Back to the Underground: Fourth-generation family member to work underground in Lead

Back to the Underground: Fourth-generation family member to work underground in Lead


Wade Vandine, left, KAJV engineer, stands next to his father, George Vandine, Sanford Lab underground infrastructure coordinator, on the 4850 Level of Sanford Lab.

LEAD | The summer after graduating high school and just days after turning 18, Wade Vandine began an internship at Sanford Underground Research Facility, where he discovered an affinity for working underground.

Five years later, he’s back at the facility as an engineer with Kiewit Alberici Joint Venture (KAJV), helping to ready the underground for a massive project.

In 2014, Vandine, who was just preparing to start his freshman year at the South Dakota School of Mines & Technology (SD Mines), received the Chris Bauer Engineering Internship. As a part of this program, he spent his summer working with the Underground Maintenance Crew (UMC).

“We like to have our interns working underground, hands-on with the crew. They'll learn more from the crews than from being in the office. We want them to learn a little bit of everything, from rock bolting to construction,” said Bryce Pietzyk, underground access director at Sanford Lab.

“I went underground as often as I could,” said Vandine. “I didn't care what specific work we were doing, I just wanted to be there — experience it, do it.”

Vandine’s fascination for underground work didn’t come as much of a surprise, given his family history.

“You could say it’s in my DNA,” said Vandine, who is the fourth generation in his family to work underground in Lead, South Dakota. “Both of my grandpas and my great-grandpa worked here for Homestake. My dad worked at Homestake for 12 years and then came back when it reopened for science.”

Vandine proudly pointed out that, by going underground just days after he turned 18, he was the youngest Vandine to work underground.

“I grew up hearing my dad and grandpa talk about the mine and watching fireworks over the Open Cut on the Fourth of July,” Vandine said. “I remember my first Neutrino Day and getting a tour of the Yates Hoistroom.”

“I couldn’t be prouder to have him here,” said George Vandine, underground infrastructure coordinator. “When he talks about how much he loves being underground, I get it. It’s an amazing feeling.”

After his initial internship at Sanford Lab, Vandine knew he wanted to continue working in an underground environment. During his sophomore year, he went to the SD Mines' career fair and only talked to only one division in one company — the Underground Division of Kiewit Corporation.

“I didn’t speak with anyone else — I knew Kiewit was where I wanted to be,” said Vandine. “I got an interview the next day and they hired me the day after that. I was studying mechanical engineering, but my underground experience at Sanford Lab helped me join their underground division.”

Since then, Vandine has worked for Kiewit’s Underground Division on projects in Louisiana, New Mexico and Nebraska. He says he appreciates the permanence of the projects he works on.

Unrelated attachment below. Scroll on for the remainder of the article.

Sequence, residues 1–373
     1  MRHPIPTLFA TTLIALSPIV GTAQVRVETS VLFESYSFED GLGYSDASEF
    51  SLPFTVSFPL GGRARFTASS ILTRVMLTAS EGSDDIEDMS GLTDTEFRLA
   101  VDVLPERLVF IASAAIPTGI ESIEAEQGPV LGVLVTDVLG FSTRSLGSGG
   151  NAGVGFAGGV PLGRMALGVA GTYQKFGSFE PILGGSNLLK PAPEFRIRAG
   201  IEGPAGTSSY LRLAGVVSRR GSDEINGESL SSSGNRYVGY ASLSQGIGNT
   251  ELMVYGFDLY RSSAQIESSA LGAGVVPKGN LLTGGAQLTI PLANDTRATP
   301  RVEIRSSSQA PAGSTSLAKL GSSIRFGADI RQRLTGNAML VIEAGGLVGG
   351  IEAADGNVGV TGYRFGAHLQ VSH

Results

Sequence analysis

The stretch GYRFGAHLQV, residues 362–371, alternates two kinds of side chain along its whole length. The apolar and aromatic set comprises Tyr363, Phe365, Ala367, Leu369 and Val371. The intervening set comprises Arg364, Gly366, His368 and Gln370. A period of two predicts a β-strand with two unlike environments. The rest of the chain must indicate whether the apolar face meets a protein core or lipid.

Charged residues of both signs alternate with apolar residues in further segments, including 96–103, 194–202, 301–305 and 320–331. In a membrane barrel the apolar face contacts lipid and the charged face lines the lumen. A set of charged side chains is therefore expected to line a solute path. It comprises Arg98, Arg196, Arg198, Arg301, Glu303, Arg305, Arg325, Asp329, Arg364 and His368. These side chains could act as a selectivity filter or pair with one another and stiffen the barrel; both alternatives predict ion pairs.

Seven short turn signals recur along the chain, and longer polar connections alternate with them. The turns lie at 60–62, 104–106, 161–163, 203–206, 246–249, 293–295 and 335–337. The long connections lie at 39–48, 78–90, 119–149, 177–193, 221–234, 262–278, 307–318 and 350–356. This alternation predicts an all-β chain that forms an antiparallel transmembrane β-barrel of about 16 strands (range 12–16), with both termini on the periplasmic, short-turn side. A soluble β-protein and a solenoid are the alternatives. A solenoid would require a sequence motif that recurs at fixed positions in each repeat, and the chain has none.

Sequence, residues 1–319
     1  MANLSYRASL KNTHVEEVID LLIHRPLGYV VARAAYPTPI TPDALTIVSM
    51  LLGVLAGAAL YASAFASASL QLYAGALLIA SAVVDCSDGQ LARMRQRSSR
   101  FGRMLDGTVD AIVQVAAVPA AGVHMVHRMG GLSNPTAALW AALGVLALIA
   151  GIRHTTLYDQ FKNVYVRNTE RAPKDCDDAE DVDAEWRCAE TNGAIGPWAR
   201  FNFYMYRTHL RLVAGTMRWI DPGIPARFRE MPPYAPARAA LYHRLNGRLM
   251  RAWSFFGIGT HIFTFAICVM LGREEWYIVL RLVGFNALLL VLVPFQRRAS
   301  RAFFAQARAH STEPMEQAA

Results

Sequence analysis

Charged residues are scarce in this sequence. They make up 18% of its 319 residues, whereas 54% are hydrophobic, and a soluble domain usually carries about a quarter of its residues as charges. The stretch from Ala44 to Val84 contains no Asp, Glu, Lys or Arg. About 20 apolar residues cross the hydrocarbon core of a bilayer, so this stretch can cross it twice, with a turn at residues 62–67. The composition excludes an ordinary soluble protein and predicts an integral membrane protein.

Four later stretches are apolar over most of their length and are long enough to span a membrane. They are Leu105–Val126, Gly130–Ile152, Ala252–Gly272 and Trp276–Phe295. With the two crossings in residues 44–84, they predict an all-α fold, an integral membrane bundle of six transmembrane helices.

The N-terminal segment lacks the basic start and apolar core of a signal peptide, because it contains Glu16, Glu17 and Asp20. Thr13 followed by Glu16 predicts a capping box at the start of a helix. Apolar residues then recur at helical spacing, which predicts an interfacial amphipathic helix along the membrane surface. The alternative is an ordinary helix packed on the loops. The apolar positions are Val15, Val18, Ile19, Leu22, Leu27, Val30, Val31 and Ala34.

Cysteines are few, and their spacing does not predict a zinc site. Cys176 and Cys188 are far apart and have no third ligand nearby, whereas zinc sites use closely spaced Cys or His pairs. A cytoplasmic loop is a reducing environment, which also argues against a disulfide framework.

“All the work that we do for these projects is stuff that will stick around for a long time,” he said. “I could go back in 20 years and still see the work that we are completing now.”

One project that will leave a lasting mark is the pre-excavation work for Fermi National Accelerator Laboratory’s Long-Baseline Neutrino Facility (LBNF), which will house the enormous particle detectors for the Deep Underground Neutrino Experiment (DUNE). The South Dakota portion of the facility will be built on the 4850 Level of Sanford Lab.

As a KAJV engineer on the project, Vandine has come full-circle.

“This project especially is huge; it’s a one-of-a-kind project and not many people get to be involved in something of this magnitude,” said Vandine. “It's even better that it's in my backyard — with all my family history — I definitely take pride in what I'm doing on this project.”

“I’ve been impressed by his hard work and the effort he puts into making things happen,” said Joshua Schurger, project engineer for KAJV. “Over time, he’s taken on more responsibilities, more projects and has become a major contributor. His enthusiasm for this project, especially as a fourth-generation worker, brings energy to the team.”

Vandine also frequently sees members of the UMC that he first worked with underground.

“I see him in meetings once in a while, sometimes he's even leading these meetings,” said Pietzyk. “It makes me feel good to see an intern that we brought in succeeding post-graduation — it also makes me feel a little old.”

Wade Vandine also runs into his father each time his is underground. “He’s really proud, and he’s always snapping pictures of me on the job,” said Vandine. “Now we’ve got photos of all four generations at work in these drifts.”

The internship program is a big part of Sanford Lab’s education and outreach efforts. Through this competitive program, students gain real-world experience that propels them toward a career in their chosen field. Internships are available in science; engineering; environment, safety and health; and communications and education fields.

“Working with interns is one of my favorite things. It's gratifying to see them move on in the industry,” said Pietzyk. “And it's not just me — the crews like working with these young adults who are excited to learn and eager to get out in the field.”

See for more information on the lab's internship programs.

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